NCR Plus Plus?

Published June 9, 2021, 12:28 AM

by Former Senate President Manny Villar

OF TREES AND FOREST

Former Senate President
Manny Villar

The coronavirus seems to be creeping outside the National Capital Region (NCR). The Department of Health has expressed alarm over the increase in COVID-19 infections in provinces specifically in Mindanao. It noted that 25% of fresh cases the past few weeks have come from Mindanao outpacing NCR which used to get the brunt of infections during the recent surge.

As the data hover between 6,000 to 7,000 daily cases, regions outside the capital has consistently showed alarming levels of COVID-19 infections. Looking at the June 4 data for instance, out of the 7,450 new cases only 1,118 were from NCR the rest were from Regions IV, III, VI, X and II. Davao City (59%), Cagayan de Oro City (53%), Iloilo City (89%), and South Cotabato (110%) have shown disconcerting weekly growth rate based on the analysis by Edson Guido. As a result, hospital ICU occupancy in Cagayan Valley, Calabarzon, Zamboanga Peninsula, and Bangsamoro Autonomous Region in Muslim Mindanao (BARMM) have reached high risk levels according to the DOH.

This is a worrying trend that should be addressed by health officials and the Inter-Agency Task Force on Emerging Infectious Diseases (IATF). Just as we are increasing inoculation rates, we cannot afford to have another surge of infections in areas outside the NCR. Despite the recent increase in infections, we were at least confident that it was focused on basically one area—the center of commerce in the country. In other words, it is more or less contained. In fact, that seems to have driven the decision to create the so-called “NCR Plus bubble”. Policy decisions, resources, and vaccination drives were particularly focused on NCR Plus. But if there would be an outbreak of COVID-19 infections in different parts of the country, that would stretch our already limited resources thin.

Right now, we are focusing our vaccination program in NCR Plus with the hope that immunizing a great percentage of the population in the area where most of the infections are will help us contain the virus. But what happens if the surges happen in the Visayas and Mindanao? If NCR health facilities struggled to cope with the increase in COVID-19 patients can you just imagine the crisis we need to face in areas where health facilities are less than ideal compared to the capital?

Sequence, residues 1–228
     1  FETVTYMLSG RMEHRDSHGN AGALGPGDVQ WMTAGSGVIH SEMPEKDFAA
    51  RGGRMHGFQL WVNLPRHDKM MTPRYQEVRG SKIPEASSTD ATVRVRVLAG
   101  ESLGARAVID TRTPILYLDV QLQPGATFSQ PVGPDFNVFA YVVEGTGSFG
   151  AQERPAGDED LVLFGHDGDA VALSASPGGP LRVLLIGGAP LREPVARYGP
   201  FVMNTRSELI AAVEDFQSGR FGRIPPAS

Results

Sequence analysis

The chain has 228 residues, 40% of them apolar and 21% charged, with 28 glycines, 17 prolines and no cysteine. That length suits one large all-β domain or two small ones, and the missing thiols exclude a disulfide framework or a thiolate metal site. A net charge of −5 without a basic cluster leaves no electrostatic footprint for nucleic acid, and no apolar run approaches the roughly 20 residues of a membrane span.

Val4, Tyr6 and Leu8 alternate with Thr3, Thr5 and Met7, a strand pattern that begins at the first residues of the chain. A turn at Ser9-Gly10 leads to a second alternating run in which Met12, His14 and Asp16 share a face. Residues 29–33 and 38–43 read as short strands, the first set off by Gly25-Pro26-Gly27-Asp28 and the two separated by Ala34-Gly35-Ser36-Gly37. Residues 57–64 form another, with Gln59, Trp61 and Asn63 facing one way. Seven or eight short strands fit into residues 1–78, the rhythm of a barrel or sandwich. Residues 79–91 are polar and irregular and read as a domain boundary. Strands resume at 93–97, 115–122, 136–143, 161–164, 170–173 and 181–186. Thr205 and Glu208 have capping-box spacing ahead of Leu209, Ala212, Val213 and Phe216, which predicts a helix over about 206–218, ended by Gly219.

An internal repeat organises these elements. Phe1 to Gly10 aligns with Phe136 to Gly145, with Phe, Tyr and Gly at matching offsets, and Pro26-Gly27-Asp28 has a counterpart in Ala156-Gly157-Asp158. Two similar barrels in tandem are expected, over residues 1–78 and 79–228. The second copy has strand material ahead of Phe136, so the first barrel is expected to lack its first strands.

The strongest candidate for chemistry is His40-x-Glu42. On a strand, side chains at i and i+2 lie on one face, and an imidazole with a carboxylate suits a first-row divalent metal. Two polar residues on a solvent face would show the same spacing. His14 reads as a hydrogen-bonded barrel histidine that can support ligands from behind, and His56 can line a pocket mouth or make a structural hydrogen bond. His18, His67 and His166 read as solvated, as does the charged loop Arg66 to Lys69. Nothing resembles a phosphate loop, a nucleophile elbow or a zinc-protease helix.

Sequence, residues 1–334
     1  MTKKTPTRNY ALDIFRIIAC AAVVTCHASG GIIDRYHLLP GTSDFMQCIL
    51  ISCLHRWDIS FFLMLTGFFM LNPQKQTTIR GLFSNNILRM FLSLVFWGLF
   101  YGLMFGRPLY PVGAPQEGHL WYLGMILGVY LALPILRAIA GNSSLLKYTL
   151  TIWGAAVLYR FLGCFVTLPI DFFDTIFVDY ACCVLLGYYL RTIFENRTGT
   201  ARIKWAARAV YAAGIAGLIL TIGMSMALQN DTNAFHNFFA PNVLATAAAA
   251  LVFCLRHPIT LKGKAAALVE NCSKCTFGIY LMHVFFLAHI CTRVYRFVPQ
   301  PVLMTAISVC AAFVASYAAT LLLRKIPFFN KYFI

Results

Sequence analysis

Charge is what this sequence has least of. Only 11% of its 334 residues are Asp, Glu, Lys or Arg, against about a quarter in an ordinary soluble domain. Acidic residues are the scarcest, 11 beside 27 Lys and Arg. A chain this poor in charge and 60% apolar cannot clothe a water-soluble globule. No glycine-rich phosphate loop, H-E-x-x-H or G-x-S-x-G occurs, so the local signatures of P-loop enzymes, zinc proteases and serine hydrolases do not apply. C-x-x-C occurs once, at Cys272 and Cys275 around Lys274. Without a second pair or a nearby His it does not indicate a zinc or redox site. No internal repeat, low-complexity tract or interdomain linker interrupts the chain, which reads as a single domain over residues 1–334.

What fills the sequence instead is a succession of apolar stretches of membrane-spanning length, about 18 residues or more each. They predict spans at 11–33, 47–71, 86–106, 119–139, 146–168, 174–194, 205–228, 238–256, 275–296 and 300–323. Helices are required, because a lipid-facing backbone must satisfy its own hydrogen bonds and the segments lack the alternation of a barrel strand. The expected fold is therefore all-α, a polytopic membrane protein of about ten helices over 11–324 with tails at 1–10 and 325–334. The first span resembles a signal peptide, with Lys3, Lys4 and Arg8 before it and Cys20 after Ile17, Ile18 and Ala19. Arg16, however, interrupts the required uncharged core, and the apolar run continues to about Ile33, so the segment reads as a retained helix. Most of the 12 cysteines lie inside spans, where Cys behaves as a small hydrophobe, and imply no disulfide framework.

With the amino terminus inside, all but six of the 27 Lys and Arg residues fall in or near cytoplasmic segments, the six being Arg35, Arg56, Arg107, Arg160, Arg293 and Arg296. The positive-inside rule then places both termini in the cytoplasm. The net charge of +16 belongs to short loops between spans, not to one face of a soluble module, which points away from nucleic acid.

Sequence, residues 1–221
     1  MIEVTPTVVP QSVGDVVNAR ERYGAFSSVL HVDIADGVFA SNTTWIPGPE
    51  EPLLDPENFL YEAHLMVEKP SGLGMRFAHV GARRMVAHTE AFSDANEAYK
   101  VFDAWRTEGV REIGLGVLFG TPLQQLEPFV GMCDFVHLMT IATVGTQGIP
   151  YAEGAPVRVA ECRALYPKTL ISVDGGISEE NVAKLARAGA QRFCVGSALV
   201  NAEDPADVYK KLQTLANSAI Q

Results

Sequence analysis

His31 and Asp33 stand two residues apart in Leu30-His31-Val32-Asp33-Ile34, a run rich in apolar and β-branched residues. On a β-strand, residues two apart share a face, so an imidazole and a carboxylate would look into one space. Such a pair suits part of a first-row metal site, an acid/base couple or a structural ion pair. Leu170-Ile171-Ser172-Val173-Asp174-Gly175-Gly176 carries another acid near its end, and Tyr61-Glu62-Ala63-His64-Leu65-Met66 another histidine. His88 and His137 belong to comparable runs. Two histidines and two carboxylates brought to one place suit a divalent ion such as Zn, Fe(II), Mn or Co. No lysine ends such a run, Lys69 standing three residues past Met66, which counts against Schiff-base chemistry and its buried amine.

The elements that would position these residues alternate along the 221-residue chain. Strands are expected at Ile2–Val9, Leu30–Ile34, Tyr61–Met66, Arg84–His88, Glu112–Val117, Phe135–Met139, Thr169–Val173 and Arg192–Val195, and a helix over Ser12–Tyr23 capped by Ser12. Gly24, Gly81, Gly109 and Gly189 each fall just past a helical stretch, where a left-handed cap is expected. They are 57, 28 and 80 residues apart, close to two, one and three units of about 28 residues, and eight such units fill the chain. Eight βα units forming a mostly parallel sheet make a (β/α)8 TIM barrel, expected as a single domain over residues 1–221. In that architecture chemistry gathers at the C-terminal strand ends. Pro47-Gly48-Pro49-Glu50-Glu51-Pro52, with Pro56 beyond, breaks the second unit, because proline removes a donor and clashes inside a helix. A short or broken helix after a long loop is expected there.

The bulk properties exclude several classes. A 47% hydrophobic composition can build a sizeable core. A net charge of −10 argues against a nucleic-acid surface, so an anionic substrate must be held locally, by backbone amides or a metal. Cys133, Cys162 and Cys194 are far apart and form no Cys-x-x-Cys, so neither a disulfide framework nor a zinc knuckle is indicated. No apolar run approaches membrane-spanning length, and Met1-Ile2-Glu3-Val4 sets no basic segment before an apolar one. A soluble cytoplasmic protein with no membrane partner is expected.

We need to make sure that local officials are strictly implementing health protocols in areas outside NCR specifically those seeing a jump in infections. This means ensuring that people do not gather en masse, that they wear face masks and observe physical distancing guidelines. This also means that officials need to reevaluate transportation and border guidelines. We want to reopen tourism and the economy but the way to do that is to make sure that we do so while protecting the health of our people.

And we need to ramp up the vaccination drive in NCR Plus. Now that more vaccines are due to arrive this month, let us make sure that priority groups are vaccinated including economic frontliners (A4 group). As the country beefs up the supply of vaccines, we can start protecting those who are critical in restarting the engines of the economy. And given that the capital is the largest contributor to the country’s production of goods and services at 36.6% GDP, this makes a lot of sense.

With the limited supply of vaccines, we need to have a surgical approach to our immunization program—focus on priority groups and areas where transmissions are surging. It is good to hear that the United States has included the Philippines in the list of 15 countries in Asia that would receive 7 million doses of their surplus COVID-19 vaccines. The World Health Organization (WHO) has also issued emergency use authorization for Chinese-made Sinovac which hopefully would help in addressing vaccine hesitancy among some of our people.

Hopefully, these developments will provide the necessary boost to our inoculation program. This is a race against time. We are a bit behind so we need to get our acts together so we can catch up. We need to get ahead of this pandemic. It is unacceptable to simply go through surges and lockdowns without a vision and plan to end this crisis.

 
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